Saturday, April 06, 2013

Malacca Again!

Six weeks after my first jaunt on the Vespa, my Vespa khakis invited me for another ride to Malacca over the New Year's Day weekend. This time round, I wasn't the sole little lamb, there were 10 others.

11 Vespas gathered at JB Shell station.

My mechanic's scooter. These uncles have a quirky sense of humour.

Once we arrived in Malacca, we were greeted by another fellow Vespa rider. He brought us to a restaurant to have late lunch and after to a motorcycle show.

Norton? The motorcycle Che Guevara rode in The Motorcycle Diaries.

Old model of Goldwing with a cosy sidecar.



We explored Malacca Town in the evening. It was food, food and more food, followed by a hour search for missing riders. As the man hunt had exhausted our energy, we ditched the idea of heading for a drink to celebrate the New Year and returned to the hotel instead.
A beautiful chandelier at a restaurant along Jonker Street
A glimpse of the fireworks that marked the New Year as we headed back to the hotel.
The next day,  we settled for  lunch in Seremban, the mid-way point between Malacca and KL. It is a simple town, a far-cry from the fancy facade of touristy towns. We ate at Pasar Besar Seremban, a simple building with wet market and food stalls.

This number plate stands for (for those who understand Hokkien)  F**king Fast Gao (9) Lak (6) Hor Yi (1) Si (4)


At Port Dickson


A few kids took drink orders from us and served the drinks gingerly. A lady decked out in short and slippers was guiding them in their jobs. Child labour? We struck up a conversation with her. She actually works for a law firm and frequently brings her children to visit their grandparents who own the drink stall.

"It is like our family gathering on weekends, " she said. "But they come here to help instead."

Humility taught from a young age. Don't belittle those drinks that Ah Gong and Ah Ma served. Every drinks sold was probably what raised her family and provided her with an education. 

That evening, after a day of riding under the blazing sun, we rewarded ourselves to a Peranakan dinner at Nancy's Kitchen. And there, Wei Jie, Cherie and Boon joined us and they chatted with the uncles about long distance riding. Bantering of the moto-siao, lao jiao and newbie jiao. They incessantly talked about 'poisons' and passed handphones around with photos of motorcycles.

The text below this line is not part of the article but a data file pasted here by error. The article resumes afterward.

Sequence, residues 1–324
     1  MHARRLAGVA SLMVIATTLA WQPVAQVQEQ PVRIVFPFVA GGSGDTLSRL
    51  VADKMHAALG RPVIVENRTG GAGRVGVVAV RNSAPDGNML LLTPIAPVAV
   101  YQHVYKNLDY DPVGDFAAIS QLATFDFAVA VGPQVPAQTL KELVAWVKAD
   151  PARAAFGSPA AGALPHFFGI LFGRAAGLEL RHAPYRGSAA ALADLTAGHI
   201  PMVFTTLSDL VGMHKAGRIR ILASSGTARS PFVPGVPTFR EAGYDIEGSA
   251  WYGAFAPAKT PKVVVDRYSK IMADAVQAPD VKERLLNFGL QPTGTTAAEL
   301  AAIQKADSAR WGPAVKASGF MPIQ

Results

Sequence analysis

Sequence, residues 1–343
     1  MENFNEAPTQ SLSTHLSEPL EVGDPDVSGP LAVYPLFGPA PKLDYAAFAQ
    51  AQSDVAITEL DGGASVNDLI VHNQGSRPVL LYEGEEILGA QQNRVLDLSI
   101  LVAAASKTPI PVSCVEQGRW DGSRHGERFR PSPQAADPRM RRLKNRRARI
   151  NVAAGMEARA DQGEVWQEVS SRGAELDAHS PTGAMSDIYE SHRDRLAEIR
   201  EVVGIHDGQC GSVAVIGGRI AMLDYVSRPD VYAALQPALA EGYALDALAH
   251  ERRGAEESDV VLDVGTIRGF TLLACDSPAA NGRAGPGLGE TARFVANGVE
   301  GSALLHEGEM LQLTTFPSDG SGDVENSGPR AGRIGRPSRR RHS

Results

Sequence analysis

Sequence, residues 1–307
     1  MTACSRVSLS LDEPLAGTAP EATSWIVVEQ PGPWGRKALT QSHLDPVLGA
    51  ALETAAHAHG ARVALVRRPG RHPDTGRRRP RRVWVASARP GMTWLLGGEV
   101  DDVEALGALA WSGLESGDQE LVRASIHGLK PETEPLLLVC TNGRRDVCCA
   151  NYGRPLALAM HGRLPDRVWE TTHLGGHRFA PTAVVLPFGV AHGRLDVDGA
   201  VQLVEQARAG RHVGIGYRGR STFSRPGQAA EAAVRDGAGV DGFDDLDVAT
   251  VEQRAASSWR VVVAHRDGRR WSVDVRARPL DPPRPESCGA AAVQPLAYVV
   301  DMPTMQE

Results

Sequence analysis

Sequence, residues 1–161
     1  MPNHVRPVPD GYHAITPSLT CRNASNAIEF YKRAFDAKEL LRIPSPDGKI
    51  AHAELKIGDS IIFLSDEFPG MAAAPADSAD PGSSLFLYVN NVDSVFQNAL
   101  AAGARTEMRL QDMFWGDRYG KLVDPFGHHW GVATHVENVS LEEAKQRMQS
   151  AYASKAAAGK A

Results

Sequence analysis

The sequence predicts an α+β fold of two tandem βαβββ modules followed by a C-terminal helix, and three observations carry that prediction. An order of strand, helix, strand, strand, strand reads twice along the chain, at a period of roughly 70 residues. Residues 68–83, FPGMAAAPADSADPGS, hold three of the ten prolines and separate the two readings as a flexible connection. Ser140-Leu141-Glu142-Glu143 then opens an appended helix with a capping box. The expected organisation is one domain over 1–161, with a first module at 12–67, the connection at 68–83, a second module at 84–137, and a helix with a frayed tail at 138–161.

Just before we set off for Singapore the next day, we savoured some authentic chendol in this cosy shop along Jonker Street. Behind the bar were myriad of Coca Cola cans and bottles from over the years and different countries. Our ride organiser Weng told us that his wife and him took their wedding photos in Baba Nyonya wedding costume outside this shop. Then I learnt that his wife is a Nyonya.
How can an uncle miss out on all the good buys?
The building and structures in Malacca evince bits and pieces of different cultures and of the past European colonisers. In the 15th century, Admiral Zheng He, through his voyages, maintained close relation between Malaya and China. It was believed that Emperor bestowed one of the princesses to marry the Sultan there. Accompanying the princess were other nobles who eventually settled down in Malaya and married the local.

The assimilation of Chinese and Malay gave rise to the unique community called the Peranakan. Over generations, different aspects of both culture were lost and preserved. I recalled my friend and I were talking to a security guard in Chinese. He could not string out a complete sentence in Chinese and I asked why as a Chinese, your Chinese is so poor. He told me that he is Peranakan, at home, he speaks Malay or Hokkien. I later also realised that many of my other Peranakan friends hardly speak Chinese. Although the native language has somewhat faded, they still preserve the traditions of celebrating Chinese festival.

Besides the Peranakan that we know of, there is a also community of mixed Indian and Malay, with influences from Dutch and Portuguese, called the Chitty.

I now understand why Malacca has been conferred the UNESCO World Heritage Site status. The allure of this town stems from being an ethnic melting pot as a result of harmonious assimilation of its locals, immigrants and coloniser. A few months after this ride, I actually rode to Malacca AGAIN and discovered more about this intriguing town. I will write about that in another post.

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